The US House of Representatives has voted to pass the Marijuana Opportunity Reinvestment and Expungement (MORE Act) and remove marijuana from the federal list of controlled substances by a majority of 228 to 164.

However, the fact the vote went mostly along party lines means it has little chance of passing through the Republican-controlled Senate, unless the Democrats can flip both seats in Georgia, where run-offs take place in January. Only five Republicans voted in favour of the bill.

In November’s elections, voters in New Jersey, Montana and Arizona voted to legalise recreational cannabis while Mississippi passed measures to approve medical use. Voters in South Dakota voted to legalise both medical and recreational cannabis at the same time.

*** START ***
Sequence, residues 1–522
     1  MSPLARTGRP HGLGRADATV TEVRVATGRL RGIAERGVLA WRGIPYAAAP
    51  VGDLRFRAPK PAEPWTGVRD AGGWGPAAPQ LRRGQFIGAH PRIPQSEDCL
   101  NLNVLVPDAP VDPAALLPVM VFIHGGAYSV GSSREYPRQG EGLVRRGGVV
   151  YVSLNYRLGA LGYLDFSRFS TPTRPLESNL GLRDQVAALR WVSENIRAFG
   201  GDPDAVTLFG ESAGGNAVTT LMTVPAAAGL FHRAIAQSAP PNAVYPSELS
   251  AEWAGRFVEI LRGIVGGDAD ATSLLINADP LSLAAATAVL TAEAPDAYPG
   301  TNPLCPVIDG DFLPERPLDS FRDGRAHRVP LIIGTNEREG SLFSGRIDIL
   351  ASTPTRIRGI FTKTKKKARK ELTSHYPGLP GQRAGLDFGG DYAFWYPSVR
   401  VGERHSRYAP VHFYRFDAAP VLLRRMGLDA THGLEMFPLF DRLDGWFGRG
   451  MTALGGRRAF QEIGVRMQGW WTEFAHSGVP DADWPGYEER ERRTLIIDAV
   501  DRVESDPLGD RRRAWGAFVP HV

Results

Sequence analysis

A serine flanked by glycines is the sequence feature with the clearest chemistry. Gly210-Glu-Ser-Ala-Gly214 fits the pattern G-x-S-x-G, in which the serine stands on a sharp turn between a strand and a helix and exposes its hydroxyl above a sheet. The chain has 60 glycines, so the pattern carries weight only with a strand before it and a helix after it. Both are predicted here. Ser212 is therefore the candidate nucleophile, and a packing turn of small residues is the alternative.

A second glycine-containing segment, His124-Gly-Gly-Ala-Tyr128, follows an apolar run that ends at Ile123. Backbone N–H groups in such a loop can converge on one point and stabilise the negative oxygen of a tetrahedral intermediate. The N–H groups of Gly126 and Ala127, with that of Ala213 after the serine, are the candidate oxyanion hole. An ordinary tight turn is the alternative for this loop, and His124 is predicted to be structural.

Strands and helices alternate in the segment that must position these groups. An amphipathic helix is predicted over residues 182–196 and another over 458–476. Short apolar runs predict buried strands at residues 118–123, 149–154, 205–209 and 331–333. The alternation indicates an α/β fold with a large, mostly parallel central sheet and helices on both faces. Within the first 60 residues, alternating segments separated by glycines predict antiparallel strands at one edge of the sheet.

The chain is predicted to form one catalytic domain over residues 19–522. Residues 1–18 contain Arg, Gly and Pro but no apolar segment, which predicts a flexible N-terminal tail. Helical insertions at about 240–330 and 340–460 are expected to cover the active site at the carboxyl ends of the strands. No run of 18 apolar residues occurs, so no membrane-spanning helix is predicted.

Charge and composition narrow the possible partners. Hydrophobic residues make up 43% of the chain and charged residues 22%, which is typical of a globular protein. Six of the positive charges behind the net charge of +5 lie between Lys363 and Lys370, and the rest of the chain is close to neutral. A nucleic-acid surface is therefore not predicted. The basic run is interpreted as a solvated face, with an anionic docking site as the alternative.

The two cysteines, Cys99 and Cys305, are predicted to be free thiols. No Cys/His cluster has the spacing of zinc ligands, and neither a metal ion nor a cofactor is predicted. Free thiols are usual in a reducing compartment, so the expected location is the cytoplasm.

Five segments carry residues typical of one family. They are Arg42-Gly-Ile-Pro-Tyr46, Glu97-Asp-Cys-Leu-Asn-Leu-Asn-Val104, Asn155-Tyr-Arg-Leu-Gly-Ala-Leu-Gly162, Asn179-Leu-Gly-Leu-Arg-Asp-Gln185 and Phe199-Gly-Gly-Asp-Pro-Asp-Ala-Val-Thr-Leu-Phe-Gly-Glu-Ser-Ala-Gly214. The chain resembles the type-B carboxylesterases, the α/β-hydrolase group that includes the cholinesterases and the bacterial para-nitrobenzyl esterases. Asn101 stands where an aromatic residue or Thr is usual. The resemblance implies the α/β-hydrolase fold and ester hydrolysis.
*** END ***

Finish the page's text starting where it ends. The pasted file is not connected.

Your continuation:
That brings the total to 15 states plus the District of Columbia where marijuana is fully legal, with a further 12 states decriminalising it and allowing medical use. Only in six states does it remain completely illegal.

The MORE Act attempts to roll back the impact of the so-called war on drugs by expunging federal marijuana convictions dating back to 1971, and establishing a 5% tax on marijuana products to fund programs for those adversely affected by criminalisation.

Prior to launching Cannabiz, Martin was co-founder and CEO of Asia-Pac’s leading B2B media and marketing information brand Mumbrella, overseeing its sale to Diversified Communications in 2017. A journalist...

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